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      Infraoptic course of the anterior cerebral artery associated with an anterior communicating artery aneurysm: anatomic case report and embryological considerations

      Neurosurgery

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          Abstract

          OBJECTIVE AND IMPORTANCE: An infraoptic course of the proximal anterior cerebral artery is a rare anomaly that has been reported in 32 cases to date, often in association with cerebral aneurysms. This anomaly represents a maldevelopment in the embryogenesis of the anterior circle of Willis, resulting from the persistence of the primitive prechiasmal arterial anastomosis or an error in the development of the definitive ophthalmic artery (OphA). The case of a patient with a ruptured middle cerebral artery aneurysm and an anterior communicating artery aneurysm associated with this anomaly is described, and the anatomic features are outlined. CLINICAL PRESENTATION: A 30-year-old male patient with a right temporal hematoma and subarachnoid hemorrhage was admitted to our department 4 days after the hemorrhaging episode, with normal neurological examination results. Angiography revealed a right middle cerebral artery aneurysm and an anterior communicating artery aneurysm with an anomalous precommunicating tract. INTERVENTION: The patient was surgically treated 14 days after the hemorrhaging episode, through a right frontopterional craniotomy; both aneurysms were excluded by clipping. The anomalous infraoptic proximal tract of the anterior cerebral artery was well documented, with its origin adjacent to the OphA. The patient remained neurologically intact after surgery and was discharged 8 days later. CONCLUSION: The anomalous infraoptic course of the proximal anterior cerebral artery was associated with a low bifurcation of the ipsilateral internal carotid artery and the absence of the contralateral precommunicating tract in this patient. The strict anatomic relationship with the origin of the OphA suggests an error in the development of the definitive OphA, with persistence of an anastomotic loop between the primitive dorsal and ventral OphAs. It is concluded that, for aneurysm surgery, careful angiographic evaluation and an understanding of the neurovascular relationships in the circle of Willis are essential for a successful postoperative course, especially when very rare vascular anomalies are treated.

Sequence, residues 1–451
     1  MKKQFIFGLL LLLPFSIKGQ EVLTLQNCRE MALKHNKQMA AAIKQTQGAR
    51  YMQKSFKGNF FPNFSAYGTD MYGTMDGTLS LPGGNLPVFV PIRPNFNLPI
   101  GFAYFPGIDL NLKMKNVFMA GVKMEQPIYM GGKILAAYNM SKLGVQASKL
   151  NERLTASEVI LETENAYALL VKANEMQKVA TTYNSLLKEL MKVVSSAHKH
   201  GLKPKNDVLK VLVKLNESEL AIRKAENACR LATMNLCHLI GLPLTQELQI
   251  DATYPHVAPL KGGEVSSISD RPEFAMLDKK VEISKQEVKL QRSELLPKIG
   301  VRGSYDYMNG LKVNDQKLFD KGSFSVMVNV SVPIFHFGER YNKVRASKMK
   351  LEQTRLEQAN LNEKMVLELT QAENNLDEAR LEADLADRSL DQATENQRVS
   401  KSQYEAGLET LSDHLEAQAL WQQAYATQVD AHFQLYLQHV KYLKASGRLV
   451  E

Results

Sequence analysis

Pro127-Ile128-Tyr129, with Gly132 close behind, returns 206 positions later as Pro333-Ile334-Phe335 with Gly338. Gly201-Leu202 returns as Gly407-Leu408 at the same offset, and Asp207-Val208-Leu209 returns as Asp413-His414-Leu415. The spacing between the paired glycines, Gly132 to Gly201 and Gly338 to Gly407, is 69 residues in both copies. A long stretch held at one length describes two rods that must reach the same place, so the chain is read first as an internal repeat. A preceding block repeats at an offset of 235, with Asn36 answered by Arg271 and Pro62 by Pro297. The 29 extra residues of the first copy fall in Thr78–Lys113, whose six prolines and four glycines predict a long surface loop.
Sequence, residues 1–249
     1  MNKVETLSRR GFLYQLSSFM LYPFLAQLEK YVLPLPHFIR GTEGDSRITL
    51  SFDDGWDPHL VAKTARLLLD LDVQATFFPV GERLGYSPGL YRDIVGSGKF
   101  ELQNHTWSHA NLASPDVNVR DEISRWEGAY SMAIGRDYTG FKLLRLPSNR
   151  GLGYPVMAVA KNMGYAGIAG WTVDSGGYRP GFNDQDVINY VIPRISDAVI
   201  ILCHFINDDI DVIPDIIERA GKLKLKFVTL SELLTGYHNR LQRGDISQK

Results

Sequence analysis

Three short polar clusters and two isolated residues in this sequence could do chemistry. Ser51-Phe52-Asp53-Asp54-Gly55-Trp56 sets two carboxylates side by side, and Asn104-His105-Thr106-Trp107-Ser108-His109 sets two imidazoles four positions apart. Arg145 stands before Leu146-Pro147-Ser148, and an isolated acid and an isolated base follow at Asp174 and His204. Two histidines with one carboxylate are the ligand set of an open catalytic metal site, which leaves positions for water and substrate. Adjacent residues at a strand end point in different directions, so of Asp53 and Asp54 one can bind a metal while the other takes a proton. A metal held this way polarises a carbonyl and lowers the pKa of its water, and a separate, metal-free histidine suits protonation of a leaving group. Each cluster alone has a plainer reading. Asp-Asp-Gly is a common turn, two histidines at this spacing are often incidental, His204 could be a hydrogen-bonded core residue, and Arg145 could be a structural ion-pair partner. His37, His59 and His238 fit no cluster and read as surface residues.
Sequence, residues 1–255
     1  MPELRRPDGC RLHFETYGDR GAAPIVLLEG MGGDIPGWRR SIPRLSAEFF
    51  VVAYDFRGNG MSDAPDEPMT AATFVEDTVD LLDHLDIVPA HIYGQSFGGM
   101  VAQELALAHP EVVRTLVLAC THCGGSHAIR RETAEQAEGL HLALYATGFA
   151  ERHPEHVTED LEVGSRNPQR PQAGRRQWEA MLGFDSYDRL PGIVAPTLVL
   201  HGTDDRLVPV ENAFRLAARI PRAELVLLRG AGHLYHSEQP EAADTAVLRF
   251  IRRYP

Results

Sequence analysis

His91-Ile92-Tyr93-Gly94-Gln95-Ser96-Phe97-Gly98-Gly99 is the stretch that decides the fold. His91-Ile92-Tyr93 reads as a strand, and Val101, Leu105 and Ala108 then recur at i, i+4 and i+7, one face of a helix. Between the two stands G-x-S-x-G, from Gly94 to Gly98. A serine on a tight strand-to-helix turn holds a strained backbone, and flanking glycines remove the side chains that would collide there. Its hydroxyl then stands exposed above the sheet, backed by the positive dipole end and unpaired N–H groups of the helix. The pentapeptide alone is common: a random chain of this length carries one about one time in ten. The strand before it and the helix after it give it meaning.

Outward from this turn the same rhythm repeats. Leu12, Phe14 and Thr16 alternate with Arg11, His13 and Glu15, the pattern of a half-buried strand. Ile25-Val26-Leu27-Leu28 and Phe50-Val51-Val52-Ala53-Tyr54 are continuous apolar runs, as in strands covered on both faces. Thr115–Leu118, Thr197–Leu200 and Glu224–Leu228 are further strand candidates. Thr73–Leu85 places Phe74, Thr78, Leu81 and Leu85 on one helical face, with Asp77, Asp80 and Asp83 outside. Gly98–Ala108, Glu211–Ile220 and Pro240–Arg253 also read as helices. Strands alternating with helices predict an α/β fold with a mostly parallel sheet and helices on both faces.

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          10371632

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